Because it’s a bad idea, and you’re a smart guy. Using leverage to make financial investments must be done carefully, judiciously and tax-efficiently. First, borrowing at 4% means the funds must be coming from a secured LOC, since the rate on unsecured lines is considerably higher. Remember this is a demand loan which can be called at any time, plus the rate can be adjusted by the lender on its whim.

Second, the interest is not deductible, as it would be with an investment in a non-registered account. Third, you need to be earning at least 7% on the account to compensate for the above. Fourth, nobody should leverage a portfolio which they self-manage. Sorry, but that’s just a reality, since the swing from greed to fear can be swift and destabilizing. When assets swoon, people who have borrowed to buy them panic, sell low and try to trash the debt. Lose-lose.

Listen to your gut.

Now to Jesse. “Long time listener, first time caller,” he says. “If the helpline is open, I come with the following:

I am currently considering putting some extra cash into a locally managed MIC that has averaged ~7% over the last ten years. What are the relative merits of investing in a REIT vs a MIC? I have contribution room in both my TFSA and RRSP – would you suggest putting either of these asset types into either of those vehicles? (I’m 38, so can leave that cash parked for 30ish years if I keep eating my vegetables). That’s it. Keep fighting the good fight… some of us are following studiously, even on the days when it seems like everyone has been overserved on the crazy juice!

Real estate investment trusts (REITs) and mortgage investment corporations (MICs) are totally different animals. The first invest in income-producing properties like office towers, industrial facilities, malls and apartment complexes, are managed professionally and trade publicly, available through a diversified fund like XRE. REITs have done well over the past few years with capital growth in the 8% range, and own some of the country’s marquee structures. Most throw off income as well as providing a capital gain. (XRE has a 10.5% annual growth rate since inception and provides a 3.55% distribution, for example.)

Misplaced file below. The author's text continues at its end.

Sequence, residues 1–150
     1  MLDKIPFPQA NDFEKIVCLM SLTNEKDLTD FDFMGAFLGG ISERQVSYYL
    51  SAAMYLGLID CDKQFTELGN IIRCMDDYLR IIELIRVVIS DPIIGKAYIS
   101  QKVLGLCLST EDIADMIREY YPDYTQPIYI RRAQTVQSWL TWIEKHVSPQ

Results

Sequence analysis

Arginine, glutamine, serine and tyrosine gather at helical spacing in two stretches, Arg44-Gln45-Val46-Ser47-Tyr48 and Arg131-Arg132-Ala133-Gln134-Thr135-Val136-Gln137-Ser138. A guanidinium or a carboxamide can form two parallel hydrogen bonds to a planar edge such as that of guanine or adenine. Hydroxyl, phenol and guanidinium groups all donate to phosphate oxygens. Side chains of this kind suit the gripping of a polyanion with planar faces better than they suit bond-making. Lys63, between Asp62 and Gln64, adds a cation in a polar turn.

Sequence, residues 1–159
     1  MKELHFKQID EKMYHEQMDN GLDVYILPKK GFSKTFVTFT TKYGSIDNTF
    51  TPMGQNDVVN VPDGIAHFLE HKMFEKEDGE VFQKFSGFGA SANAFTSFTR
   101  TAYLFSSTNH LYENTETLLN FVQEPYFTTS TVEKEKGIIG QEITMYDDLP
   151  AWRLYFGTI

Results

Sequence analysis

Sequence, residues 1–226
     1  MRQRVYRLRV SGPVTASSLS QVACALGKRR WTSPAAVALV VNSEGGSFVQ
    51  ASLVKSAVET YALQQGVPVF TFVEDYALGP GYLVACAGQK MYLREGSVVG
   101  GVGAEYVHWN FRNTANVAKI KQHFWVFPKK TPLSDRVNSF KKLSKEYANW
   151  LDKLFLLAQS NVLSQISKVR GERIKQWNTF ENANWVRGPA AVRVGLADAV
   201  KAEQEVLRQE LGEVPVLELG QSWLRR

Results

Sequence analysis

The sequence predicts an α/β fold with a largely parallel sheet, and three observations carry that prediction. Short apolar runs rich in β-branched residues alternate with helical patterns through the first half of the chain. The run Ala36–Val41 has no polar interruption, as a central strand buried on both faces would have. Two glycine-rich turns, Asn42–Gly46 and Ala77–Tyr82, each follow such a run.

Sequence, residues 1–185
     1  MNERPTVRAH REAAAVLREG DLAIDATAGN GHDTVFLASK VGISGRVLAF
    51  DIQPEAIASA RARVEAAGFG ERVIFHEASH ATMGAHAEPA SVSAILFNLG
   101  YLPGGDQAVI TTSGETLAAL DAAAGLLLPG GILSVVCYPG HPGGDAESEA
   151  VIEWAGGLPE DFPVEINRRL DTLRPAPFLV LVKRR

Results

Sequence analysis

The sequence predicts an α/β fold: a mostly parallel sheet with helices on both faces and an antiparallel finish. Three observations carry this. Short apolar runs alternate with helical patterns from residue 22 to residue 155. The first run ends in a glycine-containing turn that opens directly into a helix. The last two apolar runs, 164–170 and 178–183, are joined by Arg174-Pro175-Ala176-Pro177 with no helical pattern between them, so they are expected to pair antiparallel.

Mortgage corps hold the debt of borrowers who couldn’t qualify for bank financing. Seriously. This means there’s usually considerable risk, as well as illiquidity. If a MIC dangles a high rate of return in front of you, this is why. You might never get your capital back – at least the risk of that happening is far higher than with a REIT. Plus many MICs don’t let you leave easily, holding back redemptions. In addition, interest paid is fully taxed as income outside of a registered account, whereas REITs often give a taxless return of capital. Also remember that if your MIC blows up, and it’s in an RRSP, you cannot write off the loss.

Stay away.

Finally, here’s Graeme, who has written the Spiritual Leader today merely to brag and gloat.

Thanks for all your wisdom on your blog – helps me confirm things that I believe to be true but constantly get questioned at work and through mainstream “financial” media. I’m just writing as one of those annoying people who is truly writing you to signal that they have made good financial choices in their lives and want to brag about it somewhere, preferably somewhere where someone will tell them how to make yet even better financial choices.

I’m a 26 year old on the moister fringe (I think??) who rents a two bedroom apartment in Saskatoon for $1100 which includes heat, water and internet. Power is ~$45/month. I split this with my S/O so housing costs are ~15% of my annual income. I’m blessed with a well paying job working for the prairie salt cartels and have managed to hit a NW of $250,000 with a full TFSA, RRSP and a company pension to boot. Am I a unicorn?

Yes, my son. In the independent GF Nation, you have special status. If you were modest, like me, you’d be perfect.

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February 23rd, 2020

Posted In: The Greater Fool